Ulrich L. Lehner

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pp. 167-190

Born in Kötzting in the Bavarian Forest on 30 January 1728, Benedict Stattler first attended the school of the Benedictines in the nearby abbey of Niederaltaich before entering the Society of Jesus. From 1747 to 1751, he studied philosophy and mathematics in Ingolstadt. He became...

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Chapter 8: Beda Mayr (1742–1794)

Ulrich L. Lehner

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pp. 191-206

In the German-speaking lands of the eighteenth century, it was the Benedictines who spearheaded the dissemination of Enlightenment ideas (Lehner 2011). One of the most intriguing figures among these enlightened Benedictines was Beda Mayr (1742–1794), because he was...

Part 4: Catholicism, Enlightenment, and Habsburg Europe

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Chapter 9: Franz Stephan Rautenstrauch (1734–1785)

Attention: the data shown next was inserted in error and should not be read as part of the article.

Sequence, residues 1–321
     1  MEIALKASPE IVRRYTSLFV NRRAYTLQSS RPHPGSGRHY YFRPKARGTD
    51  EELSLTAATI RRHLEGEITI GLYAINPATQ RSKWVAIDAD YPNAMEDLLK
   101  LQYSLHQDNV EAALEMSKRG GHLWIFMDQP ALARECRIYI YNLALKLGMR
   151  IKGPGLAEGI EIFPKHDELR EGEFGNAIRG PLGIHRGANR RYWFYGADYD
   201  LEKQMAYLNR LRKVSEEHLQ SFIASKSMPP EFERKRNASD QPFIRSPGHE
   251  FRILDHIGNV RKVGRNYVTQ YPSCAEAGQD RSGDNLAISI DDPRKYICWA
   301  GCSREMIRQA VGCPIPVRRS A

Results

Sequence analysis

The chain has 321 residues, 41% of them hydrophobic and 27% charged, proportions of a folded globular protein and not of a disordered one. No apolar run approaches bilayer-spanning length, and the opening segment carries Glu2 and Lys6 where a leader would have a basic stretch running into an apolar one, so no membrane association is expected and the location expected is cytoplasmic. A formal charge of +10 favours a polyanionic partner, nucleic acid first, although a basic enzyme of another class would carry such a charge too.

Thomas Wallnig

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pp. 209-226

Within the master narratives of the “Catholic Enlightenment” as well as within the relevant handbooks, Franz Stephan Rautenstrauch (1734–1785), abbot of Brˇevnov-Broumov, is usually referred to as the powerful Josephist reformer of the theological university curricula...

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Chapter 10: Johann Pezzl (1756–1823)

Ritchie Robertson

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pp. 227-246

Johann Pezzl was born in Mallersdorf, near Straubing in southern Bavaria, on 30 November 1756. The son of a baker, he was educated at the Lyzeum in Freising and in September 1775 began a novitiate in the Benedictine monastery of Oberalteich (Höschel 2006, 2007). He...

Part 5: Varieties of Italian Catholic Enlightenment

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Chapter 11: Lodovico Antonio Muratori (1672–1750)

Paola Vismara

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pp. 249-268

Lodovico Antonio Muratori was one of the most influential cultural figures in Italy in the first half of the eighteenth century. His nephew, Gianfrancesco Soli Muratori, wrote a very informative, although celebratory, biography of him. Today, after about two and a half centuries...

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Chapter 12: Antonio Genovesi (1713–1769)

Niccolò Guasti

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pp. 269-288